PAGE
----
PORTLAND – One of the world’s best-known autistic adults shared her fascinating life story and suggestions for improving the lives of those diagnosed with autism before a sellout crowd Sunday.

Autism advocate Temple Grandin received a standing ovation from the audience, which included parents of autistic children, therapists, teachers and people who have read her books or seen the movie based on her life.

Grandin, 64, is an animal science professor at Colorado State University. She earned national recognition for designing humane cattle chutes that are now being used by stockyards throughout the United States.

Grandin’s life and achievements were the focus of a 2010 HBO movie, “Temple Grandin.” Actress Claire Danes portrayed Grandin in the film, which won seven Emmys.

“Half of the Silicon Valley executives have some degree of autism,” Grandin proclaimed in an interview before her presentation Sunday. “(The autism range of disorders) is a very broad spectrum.”

Grandin’s appearance on the Portland campus of the University of Southern Maine was sponsored by Northeast Hearing and Speech of Portland.

Officials with Northeast said it took nearly two years to convince Grandin to come to Maine. On Sunday morning, she spoke to members of the Maine Grass Farmers Network at Pineland Farms in New Gloucester.

Her visit came amid renewed attention to autism. A recent federal report indicated that autism disorders now affect 1 in 88 children in the United States, a number far greater than researchers previously thought.

Grandin said the spotlight on autism has led to better detection, but some higher-functioning children with the disorder are being held back by the diagnosis.

She said she was unable to speak until she was 4 years old, but now lectures to audiences around the world.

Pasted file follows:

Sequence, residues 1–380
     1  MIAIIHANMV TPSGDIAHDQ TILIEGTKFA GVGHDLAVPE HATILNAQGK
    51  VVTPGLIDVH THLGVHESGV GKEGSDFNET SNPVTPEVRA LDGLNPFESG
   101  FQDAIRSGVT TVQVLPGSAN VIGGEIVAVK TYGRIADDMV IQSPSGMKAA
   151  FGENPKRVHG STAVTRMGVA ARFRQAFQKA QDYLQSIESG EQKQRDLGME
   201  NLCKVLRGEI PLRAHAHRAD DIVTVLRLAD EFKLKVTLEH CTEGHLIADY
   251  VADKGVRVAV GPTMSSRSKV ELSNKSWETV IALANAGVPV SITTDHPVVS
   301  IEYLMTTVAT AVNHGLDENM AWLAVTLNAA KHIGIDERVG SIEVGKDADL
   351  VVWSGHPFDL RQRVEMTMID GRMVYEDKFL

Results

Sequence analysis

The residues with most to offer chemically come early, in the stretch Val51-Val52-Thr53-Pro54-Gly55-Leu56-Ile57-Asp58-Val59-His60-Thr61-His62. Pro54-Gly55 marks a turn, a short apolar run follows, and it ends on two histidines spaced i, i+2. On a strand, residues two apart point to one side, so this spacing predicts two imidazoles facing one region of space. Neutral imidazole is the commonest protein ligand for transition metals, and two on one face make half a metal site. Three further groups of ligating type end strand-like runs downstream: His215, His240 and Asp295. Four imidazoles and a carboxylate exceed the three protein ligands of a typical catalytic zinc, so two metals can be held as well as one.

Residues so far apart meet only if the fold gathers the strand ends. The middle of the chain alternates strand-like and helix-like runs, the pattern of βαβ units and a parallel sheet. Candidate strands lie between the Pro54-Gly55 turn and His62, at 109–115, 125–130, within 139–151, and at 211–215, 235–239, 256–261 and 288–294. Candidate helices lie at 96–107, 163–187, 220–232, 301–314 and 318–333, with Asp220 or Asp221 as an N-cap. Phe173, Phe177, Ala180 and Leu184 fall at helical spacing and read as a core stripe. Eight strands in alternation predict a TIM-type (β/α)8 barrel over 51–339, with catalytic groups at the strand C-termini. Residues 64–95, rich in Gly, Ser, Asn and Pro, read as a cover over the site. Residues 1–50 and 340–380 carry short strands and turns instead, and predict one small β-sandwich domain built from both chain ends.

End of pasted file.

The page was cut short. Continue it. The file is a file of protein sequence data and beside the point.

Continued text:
Grandin, who still consults on and designs livestock-handling facilities, has also written several books, including “Animals Make Us Human” and “Thinking in Pictures,” which she sold and autographed Sunday.

Grandin’s presentation was titled “Autism and My Sensory-Based World.” She said early intervention is key to helping young children who have been diagnosed on the autistic spectrum.

“Just do things with them, engage them, because doing nothing is the worst thing you can do,” she said.

Grandin talked about different types of sensory-processing disorders that fall on the autism spectrum. The broad range can make it difficult for parents, educators and therapists to interact with autistic children or adults.

Aspergers syndrome and PDD-NOS (Pervasive Development Disorder-Not Otherwise Specified) are just a couple of the disorders on the spectrum.

“PDD-NOS just means they (a doctor or clinician) don’t know what a person has. The problem is, where do the geeks and nerds end and the autism begins?” Grandin said.

Grandin said there are techniques for lessening some challenges, such as having an autistic person sit and balance himself on a therapy ball, encouraging a nonverbal person to use a tablet — such as an iPad — to communicate, or avoiding fluorescent lighting, which can trigger a negative reaction.

“I’m a totally visual thinker,” Grandin told the audience. “I think in pictures. I don’t think in generalities.”

Grandin’s thought process allowed her to sketch, in great detail, the humane cattle chutes that were featured in the HBO film. The chutes were designed to eliminate the cattle’s fear of entering them.

“I could actually test-run the equipment in my mind. I just thought everyone could do that,” she said.

Grandin worries that not enough is being done to integrate autistic individuals, many of whom are nonverbal, into society.

More could be done, for example, to teach a person how to shake hands, establish eye contact when speaking with another person, or things as simple as how to order food in a restaurant.

Grandin believes that autistic people can continue to learn throughout their lifetime. And they can enter the work force and be successful, she said.

Some of the best jobs for an autistic person include graphic arts, architect, veterinary technician, music teacher, journalist, copy editor, speech therapist, lawn or garden work, factory assembly or librarian.

Grandin said Albert Einstein had many autistic traits.

“What happened to the Albert Einstein in your school system?” she asked. “In many school systems today, he would be labeled autistic. The problem we’re facing in autism is that we’ve got such a broad spectrum.”

Staff Writer Dennis Hoey can be contacted at 791-6365 or at:

dhoey@pressherald.com